Transgender Service Members Will Transition with the Help of Their Commanding Officers [videos]

Transgender Service Members Will Transition with the Help of Their Commanding Officers [videos]

Transgender Service Members Will Transition with the Help of Their Commanding Officers [videos]

With the announcement by Secretary of Defense Ash Carter that transgender individuals would be allowed to serve in the military, a new bureaucracy was created. It is called the Service Central Coordination Cell or SCCC. Not sure who came up with that tongue twister but its purpose will be to aid commanders in shepherding their transgender service members through the gender transition process.

This starts with approving government-funded medical treatment of genital reconstruction surgery and hormone therapy, and then recovery, and then the final phase of determining the member’s fitness to return to duty after he or she receives a new official “gender marker.”

The commander must also ensure that sensitivity training sessions are held to inform troops on non-discrimination of transgender individuals. Out of 1.3 million active duty forces, it is estimated that 1,300-6,600 are transgender.

The directive will go into effect on October 1 of this year. The guide states:

Service members can get extended time off during their transition

Personnel getting a sex change can’t live their “preferred gender” until transition is complete

Commanders must give transgender training sessions to deter discrimination

Service members must get a note from their doctor to ensure that changing sex is “medically necessary”

Commanders must approve funding on a case-by-case basis for a service member’s surgery, therapy and recovery

Fully transitioned service members must use the bathrooms of their new “gender marker”

All of this sounds like one big cluster in the making. Am I a terrible person for thinking that Don’t Ask Don’t Tell was a much better solution? Everybody go about your private business, treat each other with respect in the work place, and carry out the mission.

The work place, particularly in the military, in not a place where every facet of one’s life needs to be on display. In fact, many service members have a personal policy of maintaining a private home life. If service members want to share personal things with each other, that is fine too, but there’s no reason to think everyone’s personal life should be on public display. In fact, bringing so much personal baggage into the military workplace – whether it be sexual preference, gender identity, divorce, religion, you name it, can frequently be seen as detrimental to unit cohesiveness. Military members are frequently counseled if their lives start to interfere with work – and it can reflect negatively in supervisor evaluations.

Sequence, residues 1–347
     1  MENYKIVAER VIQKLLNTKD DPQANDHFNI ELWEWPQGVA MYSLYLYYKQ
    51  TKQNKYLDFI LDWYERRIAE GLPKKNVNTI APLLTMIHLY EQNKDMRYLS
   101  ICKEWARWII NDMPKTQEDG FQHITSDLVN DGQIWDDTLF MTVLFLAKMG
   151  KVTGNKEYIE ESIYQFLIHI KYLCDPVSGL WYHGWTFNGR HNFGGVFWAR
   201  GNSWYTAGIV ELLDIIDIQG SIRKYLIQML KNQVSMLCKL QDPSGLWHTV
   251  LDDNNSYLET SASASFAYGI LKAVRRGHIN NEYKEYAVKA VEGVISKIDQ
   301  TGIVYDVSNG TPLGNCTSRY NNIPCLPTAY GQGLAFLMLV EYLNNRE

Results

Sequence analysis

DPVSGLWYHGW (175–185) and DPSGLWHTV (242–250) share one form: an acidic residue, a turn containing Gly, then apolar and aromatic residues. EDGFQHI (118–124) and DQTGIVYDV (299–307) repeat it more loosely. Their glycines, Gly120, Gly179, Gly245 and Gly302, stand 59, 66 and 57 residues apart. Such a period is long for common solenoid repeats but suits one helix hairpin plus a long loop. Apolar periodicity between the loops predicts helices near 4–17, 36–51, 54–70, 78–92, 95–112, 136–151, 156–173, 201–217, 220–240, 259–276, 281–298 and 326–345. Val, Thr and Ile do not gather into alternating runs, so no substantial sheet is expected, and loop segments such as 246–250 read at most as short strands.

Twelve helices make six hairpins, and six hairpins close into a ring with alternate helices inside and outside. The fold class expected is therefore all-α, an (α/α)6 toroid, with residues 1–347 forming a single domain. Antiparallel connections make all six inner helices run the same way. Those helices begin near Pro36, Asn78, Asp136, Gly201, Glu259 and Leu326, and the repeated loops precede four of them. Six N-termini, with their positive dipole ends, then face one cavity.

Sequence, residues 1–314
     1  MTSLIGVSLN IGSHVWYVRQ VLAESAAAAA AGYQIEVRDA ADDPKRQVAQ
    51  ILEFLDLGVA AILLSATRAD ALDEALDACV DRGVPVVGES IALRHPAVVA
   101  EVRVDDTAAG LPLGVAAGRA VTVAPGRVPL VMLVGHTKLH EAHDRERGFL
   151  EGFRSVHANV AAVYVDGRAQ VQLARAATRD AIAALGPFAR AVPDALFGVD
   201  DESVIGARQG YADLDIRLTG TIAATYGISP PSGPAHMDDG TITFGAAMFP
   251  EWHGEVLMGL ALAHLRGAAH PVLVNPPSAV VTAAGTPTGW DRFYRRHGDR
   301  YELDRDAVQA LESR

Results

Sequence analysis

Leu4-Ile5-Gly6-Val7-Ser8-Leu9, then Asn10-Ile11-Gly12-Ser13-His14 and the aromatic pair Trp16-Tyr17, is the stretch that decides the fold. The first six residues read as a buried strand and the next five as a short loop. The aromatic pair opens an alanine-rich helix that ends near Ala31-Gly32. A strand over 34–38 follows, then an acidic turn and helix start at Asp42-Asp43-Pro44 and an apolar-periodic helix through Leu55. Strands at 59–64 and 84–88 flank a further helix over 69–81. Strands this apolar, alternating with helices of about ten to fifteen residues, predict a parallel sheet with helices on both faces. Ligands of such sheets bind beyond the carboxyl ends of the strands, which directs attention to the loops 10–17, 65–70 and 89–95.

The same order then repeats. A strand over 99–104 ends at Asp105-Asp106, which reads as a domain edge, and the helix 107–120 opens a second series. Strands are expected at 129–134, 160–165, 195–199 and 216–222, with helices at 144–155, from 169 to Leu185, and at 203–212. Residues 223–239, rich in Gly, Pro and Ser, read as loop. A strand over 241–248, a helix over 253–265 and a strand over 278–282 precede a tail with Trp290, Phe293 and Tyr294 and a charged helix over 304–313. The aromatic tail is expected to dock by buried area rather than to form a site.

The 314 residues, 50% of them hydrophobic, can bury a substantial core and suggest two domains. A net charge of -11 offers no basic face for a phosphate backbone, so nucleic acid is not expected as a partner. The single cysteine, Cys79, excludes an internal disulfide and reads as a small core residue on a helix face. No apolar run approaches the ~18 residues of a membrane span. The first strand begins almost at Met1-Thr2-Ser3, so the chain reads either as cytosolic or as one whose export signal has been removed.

The command doesn’t want to and shouldn’t be dealing with personal problems in such an intrusive way. Commanders are interested in taking care of their troops, but know enough to refer problems to the services where the troop can get specialized help when needed. Here it appears that the commander will unfortunately have to become an integral part of a person’s transgender journey whether the person or the commander want that to happen.

This is not to say that the military dismisses personal problems. The opposite is true – there is every resource under the sun available for active duty service members. The command is aided by these outside sources since it is relieved of involvement in a troop’s personal affairs. This transgender directive mandates that a commanding officer have oversight of gender transition – which seems to be an extraordinary addition to command duties, a very unwanted intrusion into both the requirements of command and the potential desire for privacy by a transitioning transgender person.

The cost of this new bureaucracy in time, money, and frustration, is probably not going to come out positively in the cost-benefit analysis either. The military needs to be left to focusing on war fighting. Anything that diverges from that mission must be examined very closely. Hormone therapies are one thing, but if a transgender person wants to have what a lot of people would consider elective surgery, then the individual needs to be responsible for that on his or her own. The United States military should not be involved in that process whatsoever. Some transgender people suffer from severe anxiety and other mental issues. Those people should be evaluated as to whether they are fit for duty in the first place.

Robert Maginnis, a retired Army officer who has opposed President Obama’s policy of gays in the military and women in land combat, said Mr. Carter is “delusional if he believes our military needs transgenders/transsexuals to remain the ‘finest fighting force in the world.’”

“Transsexuals suffer from more psychiatric pathologies than the general population, and active suicide ideation and major depression episodes occur more frequently within this group,” Mr. Maginnis said. “Creating a bureaucracy to sort out transgender issues will go down in the history of our armed forces as the worst waste of defense dollars ever.

“Further, hiring a medical staff to provide ongoing treatment for these people robs precious money better used for treating our war wounded,” he said.

We can laughingly credit (or blame) Slick Willy with Don’t Ask Don’t Tell, but I for one am happy to applaud him for that policy. It worked to keep the military focused on the mission, and very importantly, kept the government out of people’s private lives.

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